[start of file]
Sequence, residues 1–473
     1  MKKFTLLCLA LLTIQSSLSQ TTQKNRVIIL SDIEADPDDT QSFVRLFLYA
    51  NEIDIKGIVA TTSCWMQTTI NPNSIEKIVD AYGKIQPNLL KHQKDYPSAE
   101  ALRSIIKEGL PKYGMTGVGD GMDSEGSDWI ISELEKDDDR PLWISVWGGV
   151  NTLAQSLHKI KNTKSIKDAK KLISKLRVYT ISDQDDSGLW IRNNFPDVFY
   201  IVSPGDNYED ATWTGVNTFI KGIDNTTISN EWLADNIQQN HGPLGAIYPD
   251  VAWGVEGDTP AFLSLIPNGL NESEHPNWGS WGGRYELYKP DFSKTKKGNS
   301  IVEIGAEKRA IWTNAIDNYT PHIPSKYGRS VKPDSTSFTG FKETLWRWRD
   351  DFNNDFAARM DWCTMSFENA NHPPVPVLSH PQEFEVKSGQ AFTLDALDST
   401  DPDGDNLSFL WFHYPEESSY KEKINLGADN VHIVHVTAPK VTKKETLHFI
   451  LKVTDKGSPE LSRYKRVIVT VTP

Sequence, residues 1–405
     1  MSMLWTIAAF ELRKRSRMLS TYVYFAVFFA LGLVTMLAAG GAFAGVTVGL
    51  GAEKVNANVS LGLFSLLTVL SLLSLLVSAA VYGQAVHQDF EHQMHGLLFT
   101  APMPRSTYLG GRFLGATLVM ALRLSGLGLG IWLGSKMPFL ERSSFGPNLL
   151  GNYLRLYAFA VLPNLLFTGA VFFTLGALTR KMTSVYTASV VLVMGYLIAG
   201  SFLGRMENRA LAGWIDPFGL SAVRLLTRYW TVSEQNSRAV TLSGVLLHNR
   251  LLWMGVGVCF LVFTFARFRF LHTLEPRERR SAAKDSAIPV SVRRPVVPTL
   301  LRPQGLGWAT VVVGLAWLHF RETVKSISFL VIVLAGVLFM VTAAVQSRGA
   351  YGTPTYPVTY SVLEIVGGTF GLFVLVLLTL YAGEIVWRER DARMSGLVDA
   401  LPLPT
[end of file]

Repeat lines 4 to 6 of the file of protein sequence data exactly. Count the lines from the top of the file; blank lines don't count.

   101  ALRSIIKEGL PKYGMTGVGD GMDSEGSDWI ISELEKDDDR PLWISVWGGV
   151  NTLAQSLHKI KNTKSIKDAK KLISKLRVYT ISDQDDSGLW IRNNFPDVFY
   201  IVSPGDNYED ATWTGVNTFI KGIDNTTISN EWLADNIQQN HGPLGAIYPD